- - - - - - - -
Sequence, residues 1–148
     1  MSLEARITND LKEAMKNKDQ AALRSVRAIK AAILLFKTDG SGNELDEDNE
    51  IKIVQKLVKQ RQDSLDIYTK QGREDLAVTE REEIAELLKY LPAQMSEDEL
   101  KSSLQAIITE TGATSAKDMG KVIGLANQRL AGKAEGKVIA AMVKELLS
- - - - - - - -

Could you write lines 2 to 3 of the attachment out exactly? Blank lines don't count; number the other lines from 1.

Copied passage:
     1  MSLEARITND LKEAMKNKDQ AALRSVRAIK AAILLFKTDG SGNELDEDNE
    51  IKIVQKLVKQ RQDSLDIYTK QGREDLAVTE REEIAELLKY LPAQMSEDEL